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Dealing with Discrimination

Workplace discrimination, which can include lower pay for a worker doing the same job as another, can be demoralizing. In fact a recent study found the pay gap has U.S. women intensely bitter, even decades after attempts began to address it. But there are ways for both female employees and business owners to adjust.

Individual solutions

  • Keep records

If your workplace puts women in a double bind between self-advancement and the need to be nice, you may have to play to the system. The Project for Attorney Retention's Williams suggests keeping a dispassionate record of your accomplishments as they happen. Then, when it comes to negotiate for a raise or promotion, the data is there for the higher-ups to see without you needing to talk yourself up.

  • Form a "self-promotion posse"

If bragging about yourself gets you the cold shoulder, form a pact with other employees to brag on each other, Williams suggests. Complimenting your coworkers makes you look selfless and nurturing. And when they return the favor, your boss may respond more favorably than if you compliment yourself.

  • Find male and female mentors

Networking can be a pitfall for many women, so be proactive. Women who are higher up in the hierarchy are a great resource, but many are swamped with mentees, said Wellesley College's Carli. Seek out male mentors who won't mind taking a female employee into the fold.

  • Don't give up on having it all

If you want both career and family but feel pressured to pick one over the other, don't, said Carli. Combining work and family can provide a sense of well-being and balance that is psychologically healthy.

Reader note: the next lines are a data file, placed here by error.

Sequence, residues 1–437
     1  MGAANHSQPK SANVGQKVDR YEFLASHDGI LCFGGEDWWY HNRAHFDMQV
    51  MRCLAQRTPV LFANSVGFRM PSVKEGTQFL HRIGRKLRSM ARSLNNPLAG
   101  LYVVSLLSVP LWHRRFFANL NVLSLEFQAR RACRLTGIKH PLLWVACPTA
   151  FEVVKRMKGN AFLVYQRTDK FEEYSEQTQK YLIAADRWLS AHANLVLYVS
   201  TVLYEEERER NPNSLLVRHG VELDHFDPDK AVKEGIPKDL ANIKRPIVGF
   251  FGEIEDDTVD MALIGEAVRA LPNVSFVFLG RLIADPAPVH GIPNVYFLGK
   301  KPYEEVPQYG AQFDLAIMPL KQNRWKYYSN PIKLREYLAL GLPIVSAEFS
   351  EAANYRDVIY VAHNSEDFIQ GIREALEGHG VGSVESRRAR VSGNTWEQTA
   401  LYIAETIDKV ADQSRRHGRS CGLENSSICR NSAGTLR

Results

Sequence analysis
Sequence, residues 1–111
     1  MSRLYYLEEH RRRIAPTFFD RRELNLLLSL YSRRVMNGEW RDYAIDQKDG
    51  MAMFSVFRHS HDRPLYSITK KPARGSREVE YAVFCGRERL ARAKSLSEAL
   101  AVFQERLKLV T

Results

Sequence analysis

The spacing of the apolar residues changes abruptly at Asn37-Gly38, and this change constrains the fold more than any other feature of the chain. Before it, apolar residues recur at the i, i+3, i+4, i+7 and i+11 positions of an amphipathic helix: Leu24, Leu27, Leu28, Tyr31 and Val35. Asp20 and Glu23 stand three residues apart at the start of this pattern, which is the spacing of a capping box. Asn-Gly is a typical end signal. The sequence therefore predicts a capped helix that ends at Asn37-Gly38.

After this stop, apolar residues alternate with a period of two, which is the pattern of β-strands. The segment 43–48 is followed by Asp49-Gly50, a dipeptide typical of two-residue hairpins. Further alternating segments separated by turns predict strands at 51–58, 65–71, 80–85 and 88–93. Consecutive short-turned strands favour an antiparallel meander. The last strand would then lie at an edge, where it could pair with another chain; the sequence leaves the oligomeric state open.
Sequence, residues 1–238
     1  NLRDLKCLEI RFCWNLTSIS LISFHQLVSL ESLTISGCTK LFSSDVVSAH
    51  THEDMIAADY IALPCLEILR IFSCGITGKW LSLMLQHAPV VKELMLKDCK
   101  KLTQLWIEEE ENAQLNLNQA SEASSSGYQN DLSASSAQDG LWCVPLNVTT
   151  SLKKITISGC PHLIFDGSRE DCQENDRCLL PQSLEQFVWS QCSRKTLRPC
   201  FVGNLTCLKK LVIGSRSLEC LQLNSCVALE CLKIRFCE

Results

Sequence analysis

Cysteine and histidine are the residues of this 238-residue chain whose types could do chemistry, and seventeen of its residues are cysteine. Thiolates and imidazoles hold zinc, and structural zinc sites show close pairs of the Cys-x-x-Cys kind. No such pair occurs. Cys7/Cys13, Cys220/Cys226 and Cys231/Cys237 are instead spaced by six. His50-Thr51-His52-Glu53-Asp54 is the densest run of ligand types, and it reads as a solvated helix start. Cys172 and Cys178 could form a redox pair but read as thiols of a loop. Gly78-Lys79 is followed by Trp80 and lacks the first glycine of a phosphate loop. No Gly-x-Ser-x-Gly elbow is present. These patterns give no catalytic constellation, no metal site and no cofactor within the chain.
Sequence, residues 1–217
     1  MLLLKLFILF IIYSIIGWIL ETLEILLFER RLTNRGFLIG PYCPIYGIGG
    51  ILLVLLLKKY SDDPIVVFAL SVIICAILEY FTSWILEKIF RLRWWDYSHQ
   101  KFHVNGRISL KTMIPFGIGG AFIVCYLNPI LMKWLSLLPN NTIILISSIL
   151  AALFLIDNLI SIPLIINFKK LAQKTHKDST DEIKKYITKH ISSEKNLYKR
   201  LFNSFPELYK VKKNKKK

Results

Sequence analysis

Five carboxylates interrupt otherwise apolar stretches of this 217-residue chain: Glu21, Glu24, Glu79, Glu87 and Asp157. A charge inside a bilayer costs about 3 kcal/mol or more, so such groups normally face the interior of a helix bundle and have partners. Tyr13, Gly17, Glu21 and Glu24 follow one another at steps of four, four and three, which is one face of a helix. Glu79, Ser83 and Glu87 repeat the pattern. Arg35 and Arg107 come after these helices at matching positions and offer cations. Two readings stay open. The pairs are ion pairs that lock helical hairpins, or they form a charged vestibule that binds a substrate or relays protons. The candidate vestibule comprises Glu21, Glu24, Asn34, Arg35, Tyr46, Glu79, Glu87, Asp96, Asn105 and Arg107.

"The research shows that even though it’s stressful and difficult and time-consuming, it’s actually a good idea to embrace the work role plus the family role simultaneously," Carli said.

That's not to say that women should bear the burden of both work and home, Carli cautioned. Men benefit from taking on multiple roles as well.

"I think the solution is that women and men should share these roles," she said.

Institutional solutions

  • Be transparent and accountable

The best thing employers can do to ensure fair compensation is to be open and honest about their policies, Williams said. Her survey of law partners found that only 60 percent of full, or equity, partners and 30 percent of income partners understood the compensation system at their firms. When rules are murky, employees who are already at a disadvantage are the least likely to understand them, creating a cycle of discrimination.

"Research shows that if you have an organizational process that is not clear, takes place behind closed doors and for which people are not held accountable, that is a Petri dish for gender bias," Williams said.

  • Lead by example

How the leadership of an organization approaches gender bias determines the attitude of the company as a whole. This is especially true for small businesses, a quarter of which are women-run, said Carli. The owners of these businesses can emulate non-discriminatory behavior by using objective criteria to evaluate employees, by recruiting openly for new employees as opposed to picking friends or acquaintances, and by making their employees aware of stereotyping and bias. They can also institute family-friendly policies for both genders.

  • Institute transformational leadership

Both women and men can benefit from transformational leadership, which blends traditional "masculine" traits like confidence with traditional "feminine" traits like supportiveness. Research has shown that transformational leadership is very effective in multiple fields, Carli said. This style also helps women get around the double bind because it values both competence and warmth. Plus, she said, transformational leadership is increasingly seen as the right way to lead.

"If women embrace this style, they're actually going to be embracing the style that is advocated," she said.